One thought is, did your seed get buried to deep? If you worked the soil up, the seeds may have gotten to deep.
 
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apawenski

Yearling... With promise
I know I can eliminate burying the seeds too deep. After tilling in the lime, I ran the cultipacker over both plots twice to firm up the seed bed, then cultipacked again after seeding to press the seeds in, nothing was disced in.

Are oats worthwhile, or should I just stick with a straight winter rye plot?
 

TenPoint

5 year old buck +
I know I can eliminate burying the seeds too deep. After tilling in the lime, I ran the cultipacker over both plots twice to firm up the seed bed, then cultipacked again after seeding to press the seeds in, nothing was disced in.

Are oats worthwhile, or should I just stick with a straight winter rye plot?
Our deer loved the oats I planted last year. More so than the WR. I’m planting both again but more heavy on the oats.
 

rocksnstumps

5 year old buck +
Sounds like your first go around you disked but waited a couple weeks before seeding and might even have cultipacked before throwing out any of your bigger seed.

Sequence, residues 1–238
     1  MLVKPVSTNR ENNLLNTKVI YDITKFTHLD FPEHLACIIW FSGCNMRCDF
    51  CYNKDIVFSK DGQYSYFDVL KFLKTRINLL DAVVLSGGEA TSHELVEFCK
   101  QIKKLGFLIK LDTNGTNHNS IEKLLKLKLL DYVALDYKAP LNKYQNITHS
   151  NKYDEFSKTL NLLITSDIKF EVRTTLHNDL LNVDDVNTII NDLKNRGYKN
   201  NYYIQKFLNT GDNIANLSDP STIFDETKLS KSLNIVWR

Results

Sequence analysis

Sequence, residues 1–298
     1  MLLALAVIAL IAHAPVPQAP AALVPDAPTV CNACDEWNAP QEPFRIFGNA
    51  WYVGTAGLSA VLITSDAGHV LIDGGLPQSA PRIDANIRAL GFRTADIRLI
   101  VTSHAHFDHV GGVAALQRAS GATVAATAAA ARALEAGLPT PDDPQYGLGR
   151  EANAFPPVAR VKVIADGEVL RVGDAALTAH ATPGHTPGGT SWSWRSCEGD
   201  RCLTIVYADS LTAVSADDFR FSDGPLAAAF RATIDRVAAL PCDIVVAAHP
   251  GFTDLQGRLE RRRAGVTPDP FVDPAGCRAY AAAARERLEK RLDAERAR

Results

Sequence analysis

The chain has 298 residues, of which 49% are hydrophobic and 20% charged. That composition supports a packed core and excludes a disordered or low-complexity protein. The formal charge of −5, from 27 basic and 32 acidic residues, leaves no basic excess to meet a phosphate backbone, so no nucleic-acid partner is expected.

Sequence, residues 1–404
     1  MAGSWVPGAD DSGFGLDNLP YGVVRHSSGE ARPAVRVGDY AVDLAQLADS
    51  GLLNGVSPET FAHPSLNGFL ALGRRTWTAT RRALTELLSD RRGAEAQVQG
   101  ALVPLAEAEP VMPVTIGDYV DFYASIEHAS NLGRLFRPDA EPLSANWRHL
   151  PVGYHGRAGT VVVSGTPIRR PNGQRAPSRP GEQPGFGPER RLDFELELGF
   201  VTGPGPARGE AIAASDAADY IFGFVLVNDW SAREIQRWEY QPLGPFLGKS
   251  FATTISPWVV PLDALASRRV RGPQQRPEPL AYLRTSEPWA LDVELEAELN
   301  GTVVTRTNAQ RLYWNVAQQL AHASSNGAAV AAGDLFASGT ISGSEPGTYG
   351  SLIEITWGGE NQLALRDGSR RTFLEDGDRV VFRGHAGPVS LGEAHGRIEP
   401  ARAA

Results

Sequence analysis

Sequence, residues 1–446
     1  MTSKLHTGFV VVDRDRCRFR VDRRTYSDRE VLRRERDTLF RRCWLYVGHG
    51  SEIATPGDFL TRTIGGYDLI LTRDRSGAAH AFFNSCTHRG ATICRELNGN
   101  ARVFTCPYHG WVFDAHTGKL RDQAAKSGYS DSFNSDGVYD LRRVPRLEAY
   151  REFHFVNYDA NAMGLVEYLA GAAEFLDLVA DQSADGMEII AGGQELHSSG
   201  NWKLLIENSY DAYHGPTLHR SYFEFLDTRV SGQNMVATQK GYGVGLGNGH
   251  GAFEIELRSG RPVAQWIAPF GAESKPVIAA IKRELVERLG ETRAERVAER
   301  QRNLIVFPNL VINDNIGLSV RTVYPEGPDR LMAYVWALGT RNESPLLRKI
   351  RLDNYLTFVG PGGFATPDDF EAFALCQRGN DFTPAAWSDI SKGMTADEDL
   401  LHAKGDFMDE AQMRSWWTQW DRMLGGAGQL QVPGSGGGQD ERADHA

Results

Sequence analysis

My advice would be to run your disk thru once just to scuff up the dirt some and immediately throw out your bigger seeds like rye or buckwheat. Now run cultipacker 1st pass. After that throw out some clover. Run cultipacker 2nd time. Plan to do this right before a decent chance of rain in forecast. Works well for me. My soil when tested a long time ago was 5.8 ph. Shit grows, I dont sweat it.
 

ruskbucks

5 year old buck +
I know I can eliminate burying the seeds too deep. After tilling in the lime, I ran the cultipacker over both plots twice to firm up the seed bed, then cultipacked again after seeding to press the seeds in, nothing was disced in.

Are oats worthwhile, or should I just stick with a straight winter rye plot?
When I plant bigger seeds like wr, oats, bean I don't cultipack first. They like to be a little deeper. Small seeds brassicas/clover cultipack once seed and pack again. Heavy soils might pack to hard and not allow good germination. I would just stick with wr.
 

TenPoint

5 year old buck +